Here’s Why the Porsche 996 was the Best Porsche 911 When it Came Out
The Porsche 911 is a car that doesn’t need an introduction. Since 1964, the rear-engine sports car from Stuttgart has set the benchmark for performance cars around the globe. That said, every family has a black sheep, and sadly, the 996 generation of the Porsche 911 has been branded as one. According to many, it was a deviation from Porsche’s traditional way of doing things, but we are here to tell you that the 996 was, in fact, superior to all its predecessors when it came out - here’s why.
The Toyota GR Supra Might Offer Better Performance Than the GR86, But Is It A Better Toyota?
By now, it’s painfully obvious that Toyota isn’t interested in reliving the glorious 1990s. Back in those days, they had the SW20 MR-2/MR-S, the Celica GT-Four and SS3, and let’s not forget the venerable Supra Mk IV. However, sports cars cost a lot to develop and their market niche is insignificant compared to something like a Corolla. You can see why, nowadays, Toyota has two front-engine rear-wheel-drive sports cars and both of which are not pure Toyota products – the GR Supra and GR86. The latter, though, is more worthy of the Toyota badge and here’s why.
8 Cars You Might Not Realize We’re Based On the Dodge Viper
It’s common practice for small boutique manufacturers to base their products on other carmaker’s platforms. Most times, it’s only the engines that are borrowed, but there are more than a few cases where chassis and even whole vehicles are being used as a basis for a new car. In the high-performance segment, the Corvette is the most popular choice on which other cars are based. However, the Viper platform is equally, if not more, capable and there are more than a few cars based on it.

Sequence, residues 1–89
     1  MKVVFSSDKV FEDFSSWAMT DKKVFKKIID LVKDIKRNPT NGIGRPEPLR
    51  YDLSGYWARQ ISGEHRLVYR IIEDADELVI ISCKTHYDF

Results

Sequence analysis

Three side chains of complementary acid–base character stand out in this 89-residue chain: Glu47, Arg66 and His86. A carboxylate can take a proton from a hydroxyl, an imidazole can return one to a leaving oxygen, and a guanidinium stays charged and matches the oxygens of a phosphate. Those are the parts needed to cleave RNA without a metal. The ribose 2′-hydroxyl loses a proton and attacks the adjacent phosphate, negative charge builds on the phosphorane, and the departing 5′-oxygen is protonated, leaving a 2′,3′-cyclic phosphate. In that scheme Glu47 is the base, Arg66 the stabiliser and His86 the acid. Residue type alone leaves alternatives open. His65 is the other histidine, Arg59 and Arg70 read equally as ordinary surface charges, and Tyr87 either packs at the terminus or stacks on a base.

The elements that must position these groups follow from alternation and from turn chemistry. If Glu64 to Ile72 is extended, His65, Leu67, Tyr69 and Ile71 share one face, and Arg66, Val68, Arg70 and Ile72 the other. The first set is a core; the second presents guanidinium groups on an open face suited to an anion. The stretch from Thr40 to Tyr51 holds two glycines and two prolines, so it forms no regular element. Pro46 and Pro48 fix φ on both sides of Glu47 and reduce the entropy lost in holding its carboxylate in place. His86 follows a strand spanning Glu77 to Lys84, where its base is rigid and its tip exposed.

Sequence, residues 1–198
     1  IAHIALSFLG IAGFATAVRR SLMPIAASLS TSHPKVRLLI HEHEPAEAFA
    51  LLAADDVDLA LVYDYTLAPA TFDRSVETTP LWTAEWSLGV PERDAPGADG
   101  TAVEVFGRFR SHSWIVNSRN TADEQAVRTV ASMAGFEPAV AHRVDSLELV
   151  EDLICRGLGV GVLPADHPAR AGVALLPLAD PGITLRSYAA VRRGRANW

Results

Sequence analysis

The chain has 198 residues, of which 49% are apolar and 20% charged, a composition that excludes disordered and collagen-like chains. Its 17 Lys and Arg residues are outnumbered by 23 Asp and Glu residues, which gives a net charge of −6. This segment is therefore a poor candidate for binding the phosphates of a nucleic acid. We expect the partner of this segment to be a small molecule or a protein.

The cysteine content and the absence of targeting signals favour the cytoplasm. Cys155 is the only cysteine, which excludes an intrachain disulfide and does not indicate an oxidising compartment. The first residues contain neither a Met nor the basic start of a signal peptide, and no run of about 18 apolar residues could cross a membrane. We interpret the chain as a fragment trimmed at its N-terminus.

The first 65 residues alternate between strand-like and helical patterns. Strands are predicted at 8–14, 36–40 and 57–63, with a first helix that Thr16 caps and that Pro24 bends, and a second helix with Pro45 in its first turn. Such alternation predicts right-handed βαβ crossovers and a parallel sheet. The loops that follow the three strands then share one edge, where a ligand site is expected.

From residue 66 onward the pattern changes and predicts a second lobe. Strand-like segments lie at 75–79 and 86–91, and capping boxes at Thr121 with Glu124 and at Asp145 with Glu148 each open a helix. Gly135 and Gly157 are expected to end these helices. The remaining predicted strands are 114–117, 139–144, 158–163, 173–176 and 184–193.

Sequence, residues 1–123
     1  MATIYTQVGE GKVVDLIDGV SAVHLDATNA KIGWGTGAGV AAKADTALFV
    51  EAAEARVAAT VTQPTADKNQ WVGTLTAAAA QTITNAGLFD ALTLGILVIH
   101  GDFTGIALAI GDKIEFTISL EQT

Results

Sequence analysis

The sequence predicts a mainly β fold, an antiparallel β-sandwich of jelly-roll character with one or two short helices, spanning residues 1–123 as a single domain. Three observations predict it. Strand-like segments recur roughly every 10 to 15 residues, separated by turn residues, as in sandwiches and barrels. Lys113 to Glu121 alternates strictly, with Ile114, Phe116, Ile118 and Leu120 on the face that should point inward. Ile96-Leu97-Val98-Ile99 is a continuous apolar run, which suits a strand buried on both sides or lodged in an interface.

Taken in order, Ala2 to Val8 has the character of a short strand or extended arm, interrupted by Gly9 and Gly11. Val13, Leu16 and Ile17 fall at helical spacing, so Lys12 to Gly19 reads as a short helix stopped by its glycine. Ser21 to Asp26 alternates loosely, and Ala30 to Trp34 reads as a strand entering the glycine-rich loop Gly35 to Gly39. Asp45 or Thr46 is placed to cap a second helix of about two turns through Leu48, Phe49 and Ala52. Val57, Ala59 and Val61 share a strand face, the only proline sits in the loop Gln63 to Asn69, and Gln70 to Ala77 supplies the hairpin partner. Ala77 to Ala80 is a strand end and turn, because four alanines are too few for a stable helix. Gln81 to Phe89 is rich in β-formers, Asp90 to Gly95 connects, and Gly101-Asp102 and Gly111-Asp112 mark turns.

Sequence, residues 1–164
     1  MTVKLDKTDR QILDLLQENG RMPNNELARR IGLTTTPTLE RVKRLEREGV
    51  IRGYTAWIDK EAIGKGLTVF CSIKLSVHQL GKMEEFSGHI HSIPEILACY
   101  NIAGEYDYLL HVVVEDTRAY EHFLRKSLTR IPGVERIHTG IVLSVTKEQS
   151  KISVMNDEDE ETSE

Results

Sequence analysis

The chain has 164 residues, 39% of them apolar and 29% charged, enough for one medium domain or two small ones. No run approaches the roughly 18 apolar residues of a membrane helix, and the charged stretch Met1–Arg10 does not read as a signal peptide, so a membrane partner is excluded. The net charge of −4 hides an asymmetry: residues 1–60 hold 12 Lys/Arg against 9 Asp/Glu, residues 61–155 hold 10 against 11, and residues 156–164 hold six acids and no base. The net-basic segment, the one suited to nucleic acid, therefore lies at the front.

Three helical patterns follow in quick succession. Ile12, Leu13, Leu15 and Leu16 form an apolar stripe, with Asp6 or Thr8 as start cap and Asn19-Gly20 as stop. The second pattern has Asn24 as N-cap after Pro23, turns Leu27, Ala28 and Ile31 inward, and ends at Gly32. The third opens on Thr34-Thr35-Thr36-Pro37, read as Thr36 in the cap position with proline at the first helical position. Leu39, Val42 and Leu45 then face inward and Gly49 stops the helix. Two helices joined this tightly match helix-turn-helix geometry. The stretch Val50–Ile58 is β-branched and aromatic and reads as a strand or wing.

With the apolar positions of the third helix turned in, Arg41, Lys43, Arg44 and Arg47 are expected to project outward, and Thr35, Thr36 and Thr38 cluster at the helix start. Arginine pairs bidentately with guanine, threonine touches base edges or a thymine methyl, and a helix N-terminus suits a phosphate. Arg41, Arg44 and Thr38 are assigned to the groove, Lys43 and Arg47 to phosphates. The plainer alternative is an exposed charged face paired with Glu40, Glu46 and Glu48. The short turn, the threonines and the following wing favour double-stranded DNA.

Affordable Alternatives to the 2022 Nissan Z
The Nissan Z has been highly anticipated for almost a year now and we pretty much know all we need to know about it. We know when it’s coming and we know how much it costs. With a $35,000 starting price ($45,000 for the top-spec), it certainly is worth considering, if you are looking for an old-school sports car. That said, not everyone is willing or able to pay the Nissan Z sticker price. Regardless of the reason, here are some alternatives that should provide similar amounts of fun for less than a new Nissan Z.
What JDM Really Stands For
The car community is a vast one and there are plenty of different categories, based on different criteria. Depending on the type of car, you have communities dedicated to American muscle, classic cars, exotic cars, etc. It can vary by nation or brand – German cars, American cars, Alfa Romeo, BMW, Ford, etc. Those are just a few examples. However, there is one category that is quite misunderstood - JDM.
Rare Versions Of Japanese Cars You Didn’t Know Existed